C&AL: How did the research for “How to Put Air Into Words” begin and how has this writing interfaced with sculpture and drawing in your first solo exhibition?
Rebeca Carapiá: It started as a radical exercise of imagination that spreads, ruptures, and breaks down the normative and linear word. Since 2017, I’ve had a desire to speak about the dyke body and the body from the ghetto, to find a way to think about the multiplicity of women anchored in writing, in language, in the body and in territory—the place where my conflict begins: why explain the explained? Why narrate and describe difference, if we already exist? How does this body find itself in the gestures and language inside outlying areas? In this reflection and daily exercise with my notebooks, the words twisted, fell apart, and opened up into lines, drawing, iron, and copper—like a piece of writing to talk about difference, without explaining it. In my first solo exhibition, held in October 2020 at Galeria Leme, in São Paulo, we opened up these notebooks and spread out these words full of air like one big text.
C&AL: As a sculptor, one of the reflections you’ve put forward with this work has to do with what you have been calling the deconstruction of feminine geographies. Is it possible to destroy them?
RC: On one of my days in my Rust Diary, I asked: “What can the hand in sculpture give us? I thought just now, people have asked me for so many bodies, here’s mine, a mesh to inhabit a female body”. When I think of the feminine, I see it as an object or like this fine mesh inserted into a domesticated and organized body so that it fits. As I am committed to thinking up, developing, and organizing techniques to destroy this feminine, at the moment I’m working on a kind of practical-immersive course called “Techniques to kill the feminine”. I believe that, by creating radical memories with gestures and actions that are denied to these bodies, we can start to think about the deconstructions of these geographies. I speak of gestures and actions inside and outside spaces denied to the movement and the action of these existences that I intend to reclaim, including spaces such as the traditional historiography of metal sculpture.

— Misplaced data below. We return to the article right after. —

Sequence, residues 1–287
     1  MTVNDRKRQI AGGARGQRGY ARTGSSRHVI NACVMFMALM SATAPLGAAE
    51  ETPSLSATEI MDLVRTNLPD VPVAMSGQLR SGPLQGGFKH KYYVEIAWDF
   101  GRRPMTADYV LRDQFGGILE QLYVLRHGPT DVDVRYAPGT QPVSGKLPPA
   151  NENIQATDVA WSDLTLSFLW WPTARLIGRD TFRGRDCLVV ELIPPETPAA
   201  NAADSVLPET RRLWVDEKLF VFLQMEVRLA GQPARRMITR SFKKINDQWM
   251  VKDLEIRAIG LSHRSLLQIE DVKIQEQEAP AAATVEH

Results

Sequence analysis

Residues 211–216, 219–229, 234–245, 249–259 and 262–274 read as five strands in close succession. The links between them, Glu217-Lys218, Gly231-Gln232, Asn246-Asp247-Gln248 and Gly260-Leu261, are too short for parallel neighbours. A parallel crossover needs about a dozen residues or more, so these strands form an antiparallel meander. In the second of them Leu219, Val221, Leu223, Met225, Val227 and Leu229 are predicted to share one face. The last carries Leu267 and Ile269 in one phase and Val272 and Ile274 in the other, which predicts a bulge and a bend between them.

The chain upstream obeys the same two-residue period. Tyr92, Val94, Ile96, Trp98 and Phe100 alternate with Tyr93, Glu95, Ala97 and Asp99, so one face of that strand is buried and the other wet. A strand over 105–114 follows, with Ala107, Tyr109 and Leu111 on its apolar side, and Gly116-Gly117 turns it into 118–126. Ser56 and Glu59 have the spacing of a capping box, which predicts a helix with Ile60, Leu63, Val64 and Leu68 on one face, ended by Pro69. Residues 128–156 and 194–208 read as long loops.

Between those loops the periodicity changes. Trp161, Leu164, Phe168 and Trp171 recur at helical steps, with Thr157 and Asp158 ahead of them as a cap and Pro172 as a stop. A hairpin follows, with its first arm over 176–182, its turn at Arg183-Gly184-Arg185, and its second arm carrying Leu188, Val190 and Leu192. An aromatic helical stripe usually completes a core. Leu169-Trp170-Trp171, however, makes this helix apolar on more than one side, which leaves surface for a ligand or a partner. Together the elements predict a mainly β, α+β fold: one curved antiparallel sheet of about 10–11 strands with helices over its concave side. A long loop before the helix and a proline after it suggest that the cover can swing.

C&AL: Another key point of your research concerns the way in which you practice the refusal of figurative representation through abstraction. Why use this strategy and how does it relate to spirituality?
RC: Spirituality is the enchanted living inside everyday life, in the smallest details: it enters through the window, goes out the door and walks among things. Just like the ritual that is inside and not outside: in the exercise of doing, in coexistence, in creation, in prayers, in the messages received. I connect with the invisible walking in the street or striking the hammer on the anvil. There is no one line that separates us, we are spinning inside the same spiral: being, making, forging, and singing, in windstorms and also in the calm. Abstract language here is a tool that, along with what I can see and feel, helps me to create a shape. It is where I am able to organize everything that is scattered around to tell what I know and what I don’t know, while still escaping the literalness that is expected of a body like mine in the world.